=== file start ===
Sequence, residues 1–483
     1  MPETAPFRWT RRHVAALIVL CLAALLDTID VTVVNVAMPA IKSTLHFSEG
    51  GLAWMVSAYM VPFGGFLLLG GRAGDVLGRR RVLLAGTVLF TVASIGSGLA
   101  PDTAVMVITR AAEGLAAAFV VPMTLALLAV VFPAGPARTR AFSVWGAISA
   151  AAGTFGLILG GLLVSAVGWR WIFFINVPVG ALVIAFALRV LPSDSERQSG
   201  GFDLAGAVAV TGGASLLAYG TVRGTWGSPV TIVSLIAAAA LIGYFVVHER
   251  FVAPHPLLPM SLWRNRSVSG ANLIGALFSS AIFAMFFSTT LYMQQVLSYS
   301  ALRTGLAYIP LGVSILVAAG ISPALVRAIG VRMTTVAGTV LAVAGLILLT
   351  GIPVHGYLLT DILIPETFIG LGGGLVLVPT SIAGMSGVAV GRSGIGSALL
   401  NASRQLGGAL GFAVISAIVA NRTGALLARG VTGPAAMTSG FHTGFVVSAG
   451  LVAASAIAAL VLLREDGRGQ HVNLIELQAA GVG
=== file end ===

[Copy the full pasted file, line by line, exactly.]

Sequence, residues 1–483
     1  MPETAPFRWT RRHVAALIVL CLAALLDTID VTVVNVAMPA IKSTLHFSEG
    51  GLAWMVSAYM VPFGGFLLLG GRAGDVLGRR RVLLAGTVLF TVASIGSGLA
   101  PDTAVMVITR AAEGLAAAFV VPMTLALLAV VFPAGPARTR AFSVWGAISA
   151  AAGTFGLILG GLLVSAVGWR WIFFINVPVG ALVIAFALRV LPSDSERQSG
   201  GFDLAGAVAV TGGASLLAYG TVRGTWGSPV TIVSLIAAAA LIGYFVVHER
   251  FVAPHPLLPM SLWRNRSVSG ANLIGALFSS AIFAMFFSTT LYMQQVLSYS
   301  ALRTGLAYIP LGVSILVAAG ISPALVRAIG VRMTTVAGTV LAVAGLILLT
   351  GIPVHGYLLT DILIPETFIG LGGGLVLVPT SIAGMSGVAV GRSGIGSALL
   401  NASRQLGGAL GFAVISAIVA NRTGALLARG VTGPAAMTSG FHTGFVVSAG
   451  LVAASAIAAL VLLREDGRGQ HVNLIELQAA GVG